A Field In England

Director: Ben Wheatley

Starring: Michael Smiley, Julian Barrett, Reece Shearsmith, Peter Ferdinando, Ryan Pope, Richard Glover

Written by: Amy Jump

Running Time: 90 mins

Cert: 15

Release date: 5th July 2013

A Field In England is a first. The first time a film has simultaneously been released in the cinema,  available online and on DVD as well as shown on television (premiered on Film 4, the company that released the film). It also happens to be an extraordinary piece of cinema from a director who is slowly proving himself to be a major talent in British cinema and when you consider that it cost a mere £300,000 to make, it’s even more extraordinary.

Whitehead is a deserter in the English Civil War who had been given the job of finding the alchemist O’Neil. Meeting up with two fellow deserters, they head across a field, heading to an inn for an ale or two. During they trip, they are kidnapped by O’Neil who makes them help him find “treasure” that is hidden somewhere in this vast expanse.

Ben Wheatley is a director who doesn’t want to give us the same old same old. His first film, Down Terrace, was a crime comedy; Kill List, the film that really got people’s attention, was a cross genre domestic drama/thriller/horror while last year saw the blackly comic Sightseers. This is a film that defines categorizing. Is it a historical drama? A black comedy? A hippie trip film? A horror? I have no idea. It’s also a film that is consistently fascinating and utterly frustrating in equal measures. 

Filmed in black and white and using a variety of tricks to push the narration along, from tableau to fast-speed cross cutting (particularly effective during the “magic mushroom” psychedelia sequence), Wheatley’s talky tale is thankfully short in its running time, for if it was to go on any longer you’d be pulling your hair out.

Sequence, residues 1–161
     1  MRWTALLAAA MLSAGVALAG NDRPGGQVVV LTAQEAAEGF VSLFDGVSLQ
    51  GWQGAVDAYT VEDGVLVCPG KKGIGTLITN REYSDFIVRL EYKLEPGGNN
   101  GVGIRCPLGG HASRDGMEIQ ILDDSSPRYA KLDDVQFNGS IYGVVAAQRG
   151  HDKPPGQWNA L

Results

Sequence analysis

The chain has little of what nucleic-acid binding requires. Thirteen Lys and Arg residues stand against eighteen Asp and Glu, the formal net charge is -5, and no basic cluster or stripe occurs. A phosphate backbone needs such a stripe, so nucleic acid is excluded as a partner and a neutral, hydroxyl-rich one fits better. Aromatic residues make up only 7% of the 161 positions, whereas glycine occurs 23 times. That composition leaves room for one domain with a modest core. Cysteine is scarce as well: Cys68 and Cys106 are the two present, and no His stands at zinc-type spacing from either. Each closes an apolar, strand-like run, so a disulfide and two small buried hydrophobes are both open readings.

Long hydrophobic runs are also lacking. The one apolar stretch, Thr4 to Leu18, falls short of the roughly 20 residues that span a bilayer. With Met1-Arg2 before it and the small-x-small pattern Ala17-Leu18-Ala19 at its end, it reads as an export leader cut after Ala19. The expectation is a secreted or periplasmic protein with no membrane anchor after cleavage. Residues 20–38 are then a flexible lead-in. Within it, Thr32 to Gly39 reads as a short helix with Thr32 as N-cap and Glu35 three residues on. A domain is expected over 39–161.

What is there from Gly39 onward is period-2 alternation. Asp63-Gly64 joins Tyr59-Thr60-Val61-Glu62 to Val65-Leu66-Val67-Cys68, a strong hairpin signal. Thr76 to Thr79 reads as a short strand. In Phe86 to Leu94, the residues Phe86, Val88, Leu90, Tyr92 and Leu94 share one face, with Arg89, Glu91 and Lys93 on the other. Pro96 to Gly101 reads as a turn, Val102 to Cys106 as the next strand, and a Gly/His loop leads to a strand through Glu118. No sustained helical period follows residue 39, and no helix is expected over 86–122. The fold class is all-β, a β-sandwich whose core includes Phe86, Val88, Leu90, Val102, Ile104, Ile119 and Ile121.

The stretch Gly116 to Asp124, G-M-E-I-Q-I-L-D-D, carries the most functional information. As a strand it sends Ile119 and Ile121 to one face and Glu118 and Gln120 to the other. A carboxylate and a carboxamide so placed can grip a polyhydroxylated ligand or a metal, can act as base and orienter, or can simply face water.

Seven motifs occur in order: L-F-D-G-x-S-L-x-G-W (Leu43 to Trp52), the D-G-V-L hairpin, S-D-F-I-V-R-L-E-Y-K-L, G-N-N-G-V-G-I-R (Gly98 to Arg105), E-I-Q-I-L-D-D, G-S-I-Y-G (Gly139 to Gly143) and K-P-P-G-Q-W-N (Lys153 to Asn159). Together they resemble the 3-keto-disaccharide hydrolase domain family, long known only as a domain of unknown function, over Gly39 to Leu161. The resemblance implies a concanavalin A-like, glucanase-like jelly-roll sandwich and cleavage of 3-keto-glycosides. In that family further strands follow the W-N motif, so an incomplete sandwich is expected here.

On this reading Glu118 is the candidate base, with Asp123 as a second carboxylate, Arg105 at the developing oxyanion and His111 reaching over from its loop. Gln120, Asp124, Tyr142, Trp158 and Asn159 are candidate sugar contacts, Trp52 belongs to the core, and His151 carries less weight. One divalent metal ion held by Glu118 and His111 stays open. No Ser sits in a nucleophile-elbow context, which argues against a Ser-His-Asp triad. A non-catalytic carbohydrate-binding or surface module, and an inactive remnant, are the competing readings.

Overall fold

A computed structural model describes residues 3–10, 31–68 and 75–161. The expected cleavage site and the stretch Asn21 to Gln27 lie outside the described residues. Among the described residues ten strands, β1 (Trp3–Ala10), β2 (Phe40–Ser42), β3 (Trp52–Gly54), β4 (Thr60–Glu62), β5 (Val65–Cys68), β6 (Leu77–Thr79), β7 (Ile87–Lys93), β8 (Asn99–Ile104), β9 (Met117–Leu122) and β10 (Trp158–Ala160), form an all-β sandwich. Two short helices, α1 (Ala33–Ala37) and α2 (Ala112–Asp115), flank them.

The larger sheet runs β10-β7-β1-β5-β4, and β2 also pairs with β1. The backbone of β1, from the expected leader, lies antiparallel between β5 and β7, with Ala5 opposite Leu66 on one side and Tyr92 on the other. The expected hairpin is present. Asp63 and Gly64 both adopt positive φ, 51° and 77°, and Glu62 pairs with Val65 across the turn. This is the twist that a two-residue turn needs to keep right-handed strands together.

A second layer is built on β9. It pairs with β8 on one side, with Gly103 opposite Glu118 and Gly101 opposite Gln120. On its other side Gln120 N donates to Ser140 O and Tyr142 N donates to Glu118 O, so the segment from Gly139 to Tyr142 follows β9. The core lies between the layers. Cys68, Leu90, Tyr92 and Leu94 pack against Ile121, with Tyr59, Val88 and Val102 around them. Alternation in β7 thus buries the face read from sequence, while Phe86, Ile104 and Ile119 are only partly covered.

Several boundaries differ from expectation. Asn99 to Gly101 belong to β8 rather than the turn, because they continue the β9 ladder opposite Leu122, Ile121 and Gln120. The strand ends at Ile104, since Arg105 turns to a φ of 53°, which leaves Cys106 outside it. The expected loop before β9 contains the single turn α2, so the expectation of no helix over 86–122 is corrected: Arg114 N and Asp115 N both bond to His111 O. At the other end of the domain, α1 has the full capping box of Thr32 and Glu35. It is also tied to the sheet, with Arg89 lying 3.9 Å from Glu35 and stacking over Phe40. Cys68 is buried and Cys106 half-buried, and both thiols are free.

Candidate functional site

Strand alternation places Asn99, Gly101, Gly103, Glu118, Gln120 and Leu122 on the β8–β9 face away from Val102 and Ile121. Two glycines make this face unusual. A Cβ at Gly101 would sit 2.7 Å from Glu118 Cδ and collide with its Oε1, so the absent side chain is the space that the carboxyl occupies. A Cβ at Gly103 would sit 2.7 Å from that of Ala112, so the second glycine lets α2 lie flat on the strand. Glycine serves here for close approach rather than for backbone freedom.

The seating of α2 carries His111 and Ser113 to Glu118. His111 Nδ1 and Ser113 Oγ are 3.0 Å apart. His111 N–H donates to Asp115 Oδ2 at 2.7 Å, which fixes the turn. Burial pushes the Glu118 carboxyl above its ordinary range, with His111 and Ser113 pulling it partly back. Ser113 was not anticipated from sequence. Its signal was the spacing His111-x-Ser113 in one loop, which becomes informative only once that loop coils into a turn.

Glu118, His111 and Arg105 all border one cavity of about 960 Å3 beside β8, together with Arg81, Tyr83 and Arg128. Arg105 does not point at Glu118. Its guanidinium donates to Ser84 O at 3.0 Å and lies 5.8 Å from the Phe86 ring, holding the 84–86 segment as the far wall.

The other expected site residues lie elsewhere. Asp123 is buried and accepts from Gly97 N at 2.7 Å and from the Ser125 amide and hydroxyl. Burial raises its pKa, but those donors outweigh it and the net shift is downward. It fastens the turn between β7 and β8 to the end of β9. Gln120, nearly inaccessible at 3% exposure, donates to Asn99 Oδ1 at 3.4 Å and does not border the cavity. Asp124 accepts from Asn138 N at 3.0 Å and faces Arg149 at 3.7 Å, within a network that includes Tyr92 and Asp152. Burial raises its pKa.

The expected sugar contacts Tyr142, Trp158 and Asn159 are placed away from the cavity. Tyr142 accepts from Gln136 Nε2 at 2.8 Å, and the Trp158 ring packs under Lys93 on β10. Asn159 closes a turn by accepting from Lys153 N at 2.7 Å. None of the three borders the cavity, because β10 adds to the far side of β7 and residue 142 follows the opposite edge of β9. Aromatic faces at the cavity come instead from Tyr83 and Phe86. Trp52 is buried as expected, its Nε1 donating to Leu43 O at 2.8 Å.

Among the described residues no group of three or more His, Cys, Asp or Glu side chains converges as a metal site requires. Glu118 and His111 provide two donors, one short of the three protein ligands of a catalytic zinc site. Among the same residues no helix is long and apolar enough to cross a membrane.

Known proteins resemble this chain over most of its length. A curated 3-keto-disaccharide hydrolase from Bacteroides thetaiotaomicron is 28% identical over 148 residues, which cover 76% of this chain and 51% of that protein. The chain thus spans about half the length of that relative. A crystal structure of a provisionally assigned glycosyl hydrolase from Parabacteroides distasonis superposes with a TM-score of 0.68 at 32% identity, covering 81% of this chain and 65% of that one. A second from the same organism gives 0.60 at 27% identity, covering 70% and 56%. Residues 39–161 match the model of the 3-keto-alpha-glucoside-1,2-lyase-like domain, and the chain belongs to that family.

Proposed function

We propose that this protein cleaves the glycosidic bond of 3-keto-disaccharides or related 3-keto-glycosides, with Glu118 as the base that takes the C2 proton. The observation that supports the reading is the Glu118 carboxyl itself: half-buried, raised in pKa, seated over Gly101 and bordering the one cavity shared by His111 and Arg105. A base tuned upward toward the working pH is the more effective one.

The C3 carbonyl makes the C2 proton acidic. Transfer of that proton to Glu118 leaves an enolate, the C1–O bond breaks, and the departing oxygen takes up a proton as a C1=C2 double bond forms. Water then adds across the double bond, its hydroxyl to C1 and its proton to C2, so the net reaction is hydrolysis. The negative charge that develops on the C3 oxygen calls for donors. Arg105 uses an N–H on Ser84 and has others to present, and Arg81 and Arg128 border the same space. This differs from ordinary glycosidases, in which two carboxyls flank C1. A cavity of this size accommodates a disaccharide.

Like Wheatley’s previous film, the brilliantly disturbing Kill List, he doesn’t explain everything but allows his audience to make up their own mind. We are never sure what they men are doing and, for that matter, why we are watching them. Whatever their aims, you cannot help but be drawn into their bizarre and sometimes haunting world, even if it is just a field.

What could have been a straight forward Waiting For Godot style piece of absurd cinema, Wheatley throws in a curve-ball with a strangely queasy psychedelic scene in which the well-spoken and quiet Whitehead takes magic mushroom and heads down a massive trip. Wheatley’s mixing of quick cuts and double exposure sucks you into this world and it is a measure of his talents as a film maker that it is so mystifying, even in black and white.

The performances are uniformly terrific, especially from Michael Smiley as the mysterious O’Neil and Reece Shearsmith as Whitehead, who becomes almost the focal point of the picture. The former League Of Gentlemen player carries the film as the only character speaking in the language you’d expect for the period and yet in the short course of the story, changes the most.

This isn’t a film for everyone. With it’s art house qualities (some comparing its spareness with Bergman’s The Seventh Seal), it isn’t the kind of film that would attract a huge multiplex audience but it is challenging cinema, the kind that you have to meet half way. Don’t go in expecting everything to be laid out on a plate, you have to work just as hard as the makers to unscramble it’s complexities. Once you have, you will feel a sense of satisfaction and that you have experienced a film maker who isn’t afraid to make films that are not of the norm, that don’t follow a well-trodden pathway.

A Field In England just shows how exciting cinema can be and it should be constantly encouraged. We should also celebrate a director who, hopefully won’t sell out and will get better and better. On the strength of this gothically odd piece, and his past work, I don’t think he will and I look forward to what other tricks he has up his sleeve.


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